Partying Like It's 1909
No girls allowed:
Bipartisanship may not be thriving on cocktails and canapés at the White House, but in at least one place in Washington it’s flourishing on a diet of steak, scotch and scathing humor.
That place is the GuyPartisan Dinner, a male-bonding meat-and-greet that brings political rivals together for trash talk, tenderloin and an uncensored airing of ideas. It is hosted periodically on the patio at Morton’s the Steakhouse on Connecticut Avenue by John Hlinko and Bill McIntyre, president and executive vice president, respectively, of the public affairs firm Grassroots Enterprise.
The dinner, says Hlinko, is a “place for all the hyperpartisans to come together. It’s not a healing place — it’s more of a hurting place.”
Hlinko, a die-hard Democrat and former member of the MoveOn.org leadership, and McIntyre, a former national spokesman for the NRA, aren’t an obvious match as business partners or as pals. What they do have in common, however, is a love of red meat, smooth liquor and a good smoke — and pretty strong feelings about politics.At some point, says Hlinko, “it occurred to us that this is true of a lot of guys in D.C.”
Over the past year, they’ve held six GuyPartisan Dinners, and they’ve drawn a host of high-level political operatives to the table, including a senior staffer for a member of the House leadership; a former 2004 presidential campaign manager; a former member of the House; the digital communications head for two presidential campaigns; reporters for one of the major D.C. dailies; as well as strategists, fundraisers, ad men, policy wonks, political activists and a writer for “The Daily Show.” Diners have included Republicans, Democrats, conservatives, liberals, libertarians and anarchists — no self-styled communists or socialists yet.
The rules of the evening are simple:
• Everything is off the record (a POLITICO reporter had to get a special waiver in order to write this piece).
• You must be willing to mock and be mocked (although no personal attacks are allowed).
• The group will spend 18 seconds discussing business, for tax purposes.
On a recent Thursday evening, dinner had been called for 6:30 p.m., but, in true guy form, no one had remembered to make a reservation.
Fortunately, in true guy form, almost everyone was late.
Once the party was ensconced at last under the red umbrellas and heat lamps, Hlinko pulled on a red-and-gold smoking jacket and lit up a cigar. When someone suggested that the stogie might be Cuban, he jokingly agreed.
“Yeah, it’s Cuban,” he said, shooting a meaningful glance at one of the Republicans at the table. “Get used to it.”
Some subjects provoked serious — and seriously heated — discussion, such as the coverage of the 2008 presidential race, which McIntyre decried as “media malpractice.”
Those on the right were particularly steamed about the treatment Alaska Gov. Sarah Palin has received at the hand of Democrats and the press.
“For the first time a woman in power was showing her feminine side, and they went after her for trying to do both,” asserted Rob Van Raaphorst, a former spokesman for the Republican Governors Association, now an ad man with the firm that did the “What Happens in Vegas Stays in Vegas” campaign — kicking off a lengthy debate that was all the more remarkable in the GuyPartisan context.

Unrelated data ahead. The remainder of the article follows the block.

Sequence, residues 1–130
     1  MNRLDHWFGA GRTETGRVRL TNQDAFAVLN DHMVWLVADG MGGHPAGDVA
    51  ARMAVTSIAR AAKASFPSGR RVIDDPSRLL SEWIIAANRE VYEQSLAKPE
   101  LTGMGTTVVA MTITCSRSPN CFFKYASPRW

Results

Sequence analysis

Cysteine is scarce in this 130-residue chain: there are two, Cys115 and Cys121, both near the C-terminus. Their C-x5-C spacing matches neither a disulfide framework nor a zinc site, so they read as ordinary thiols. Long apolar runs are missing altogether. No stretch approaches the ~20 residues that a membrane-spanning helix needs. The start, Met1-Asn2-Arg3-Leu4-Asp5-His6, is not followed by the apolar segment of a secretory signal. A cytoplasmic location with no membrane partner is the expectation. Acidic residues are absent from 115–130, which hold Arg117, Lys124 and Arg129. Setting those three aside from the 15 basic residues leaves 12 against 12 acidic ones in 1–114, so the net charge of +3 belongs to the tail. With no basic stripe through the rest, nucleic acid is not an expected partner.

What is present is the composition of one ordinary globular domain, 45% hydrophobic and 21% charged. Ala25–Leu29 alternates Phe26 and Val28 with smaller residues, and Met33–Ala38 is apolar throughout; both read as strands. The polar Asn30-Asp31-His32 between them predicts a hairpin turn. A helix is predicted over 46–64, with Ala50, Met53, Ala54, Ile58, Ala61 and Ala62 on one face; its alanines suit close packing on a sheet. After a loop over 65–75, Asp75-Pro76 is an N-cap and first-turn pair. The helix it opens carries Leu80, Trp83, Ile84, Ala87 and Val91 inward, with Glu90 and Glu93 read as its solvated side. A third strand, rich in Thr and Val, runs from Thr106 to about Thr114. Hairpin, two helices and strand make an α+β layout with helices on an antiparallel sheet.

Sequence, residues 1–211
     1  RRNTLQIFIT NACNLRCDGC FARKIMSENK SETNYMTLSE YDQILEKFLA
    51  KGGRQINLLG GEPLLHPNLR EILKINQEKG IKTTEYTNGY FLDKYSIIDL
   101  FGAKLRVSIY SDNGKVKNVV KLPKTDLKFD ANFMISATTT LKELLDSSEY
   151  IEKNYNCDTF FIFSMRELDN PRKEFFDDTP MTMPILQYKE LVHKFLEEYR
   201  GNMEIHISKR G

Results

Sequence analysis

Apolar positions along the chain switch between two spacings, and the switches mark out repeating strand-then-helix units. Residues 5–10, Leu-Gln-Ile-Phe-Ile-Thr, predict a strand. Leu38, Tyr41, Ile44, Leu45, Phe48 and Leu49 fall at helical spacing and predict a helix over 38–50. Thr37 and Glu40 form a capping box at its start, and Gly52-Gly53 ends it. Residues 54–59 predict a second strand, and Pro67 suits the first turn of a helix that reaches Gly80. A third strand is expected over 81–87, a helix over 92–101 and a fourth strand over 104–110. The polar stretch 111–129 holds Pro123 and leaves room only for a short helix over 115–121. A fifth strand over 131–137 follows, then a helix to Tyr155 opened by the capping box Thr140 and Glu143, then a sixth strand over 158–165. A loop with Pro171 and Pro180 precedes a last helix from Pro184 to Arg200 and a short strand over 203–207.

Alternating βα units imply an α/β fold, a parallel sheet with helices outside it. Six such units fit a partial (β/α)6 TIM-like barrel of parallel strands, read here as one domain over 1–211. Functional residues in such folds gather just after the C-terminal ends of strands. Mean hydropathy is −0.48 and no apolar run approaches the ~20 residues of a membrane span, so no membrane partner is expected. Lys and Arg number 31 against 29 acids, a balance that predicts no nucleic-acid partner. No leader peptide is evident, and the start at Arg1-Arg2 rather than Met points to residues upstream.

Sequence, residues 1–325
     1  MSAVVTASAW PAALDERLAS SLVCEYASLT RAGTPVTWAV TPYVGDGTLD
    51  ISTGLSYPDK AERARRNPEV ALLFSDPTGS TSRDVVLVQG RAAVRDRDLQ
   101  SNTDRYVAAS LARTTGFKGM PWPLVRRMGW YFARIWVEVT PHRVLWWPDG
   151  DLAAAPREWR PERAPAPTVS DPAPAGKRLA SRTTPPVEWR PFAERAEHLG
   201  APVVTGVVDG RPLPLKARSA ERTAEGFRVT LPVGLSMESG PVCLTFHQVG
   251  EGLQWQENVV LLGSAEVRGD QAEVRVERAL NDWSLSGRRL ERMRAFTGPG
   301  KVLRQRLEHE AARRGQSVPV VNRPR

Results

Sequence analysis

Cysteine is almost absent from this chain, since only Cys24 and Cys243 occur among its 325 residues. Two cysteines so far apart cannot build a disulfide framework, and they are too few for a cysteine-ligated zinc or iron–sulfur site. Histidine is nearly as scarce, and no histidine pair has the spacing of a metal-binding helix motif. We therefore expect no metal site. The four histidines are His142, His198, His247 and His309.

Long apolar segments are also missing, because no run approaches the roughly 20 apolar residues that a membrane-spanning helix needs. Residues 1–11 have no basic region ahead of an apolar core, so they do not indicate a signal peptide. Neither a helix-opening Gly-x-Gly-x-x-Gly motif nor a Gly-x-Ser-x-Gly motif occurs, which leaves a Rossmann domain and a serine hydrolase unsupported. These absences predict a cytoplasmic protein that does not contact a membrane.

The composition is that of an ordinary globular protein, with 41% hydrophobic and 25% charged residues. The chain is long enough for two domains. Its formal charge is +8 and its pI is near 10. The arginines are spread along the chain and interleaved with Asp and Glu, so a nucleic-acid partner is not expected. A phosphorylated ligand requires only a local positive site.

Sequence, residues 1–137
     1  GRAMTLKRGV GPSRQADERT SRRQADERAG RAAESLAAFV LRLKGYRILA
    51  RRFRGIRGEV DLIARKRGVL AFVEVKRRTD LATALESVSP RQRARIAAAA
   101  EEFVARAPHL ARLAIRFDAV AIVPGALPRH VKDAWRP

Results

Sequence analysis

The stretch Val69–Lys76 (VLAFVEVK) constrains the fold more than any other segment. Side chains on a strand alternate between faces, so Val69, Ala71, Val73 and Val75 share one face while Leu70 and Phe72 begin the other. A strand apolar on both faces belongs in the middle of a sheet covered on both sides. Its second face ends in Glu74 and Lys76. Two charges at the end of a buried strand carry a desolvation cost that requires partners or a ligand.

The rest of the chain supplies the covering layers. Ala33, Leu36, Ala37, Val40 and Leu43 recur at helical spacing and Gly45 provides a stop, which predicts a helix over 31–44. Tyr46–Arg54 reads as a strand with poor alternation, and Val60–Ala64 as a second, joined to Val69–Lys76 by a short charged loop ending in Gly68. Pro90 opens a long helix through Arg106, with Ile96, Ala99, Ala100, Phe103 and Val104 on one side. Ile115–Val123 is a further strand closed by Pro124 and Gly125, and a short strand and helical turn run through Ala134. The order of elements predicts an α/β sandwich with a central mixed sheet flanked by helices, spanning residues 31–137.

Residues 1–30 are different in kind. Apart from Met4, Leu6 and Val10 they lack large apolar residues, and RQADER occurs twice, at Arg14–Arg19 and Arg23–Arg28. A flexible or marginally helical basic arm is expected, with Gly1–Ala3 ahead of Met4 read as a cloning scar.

Keep in mind that the reporter they allowed in to write about this was a woman, so one has to assume they adjusted their discussion accordingly. But the attitude still snuck in:
When McIntyre and Steve Rice, a former Republican consultant now working in the nonprofit world, began engaging in a private sidebar at the table, Jackson sent up their conversation: “What is this thing called a ‘blog’?” he joked.
Quipped IT guy Ben Stanfield: “They know — Meghan McCain has one.”
The evening’s sole ad hominem attack occurred when dinner arrived — more than two hours and countless highballs after the gathering had begun, as the group had repeatedly waived off the waitress’ attempts to take their order — when it was revealed that one libertarian-leaning guest ordered the salmon.
“What is that?” demanded Stanfield.
“Did a sundress come with that?” queried Hlinko. “How about a Hello Kitty bag?”
I think somebody needs to take a break from watching Madmen for a while.
Over dinner, the conversation turned to other guy-ish topics, touching briefly on breasts and then settling on sports for a spell — before returning, like the tide, to politics once more.
The evening’s participants said the dinner fills a real need. “I love being able to be political in an environment where I don’t have to apologize for my position,” said Fawal, who noted that he also comes for the steak.
I'll bet. It's just too bad it's all "politically incorrect" and all to meet in strip clubs. Then they could really let their hair down.
This silliness wouldn't even be worth noting beyond a mordant little chuckle if it weren't for the long history of exclusive male bastions of power, which these men don't even seem to be aware of when they say things like "I love being political in an environment where I don't have to apologize for my position." It's depressing that you still have to mention that gatherings where business is done and professional alliances and relationships are formed should not exclude women. But apparently you do.
The world of politics is still primarily run by men and therefore male institutions that feature get-togethers over politics and steaks puts women at an even further disadvantage, as any woman who has ever had to battle the golf/sports business exclusion knows. Until women hold half the jobs and half the power in politics, "guys" (especially liberal guys) should probably avoid creating new professional organizations that exclude them.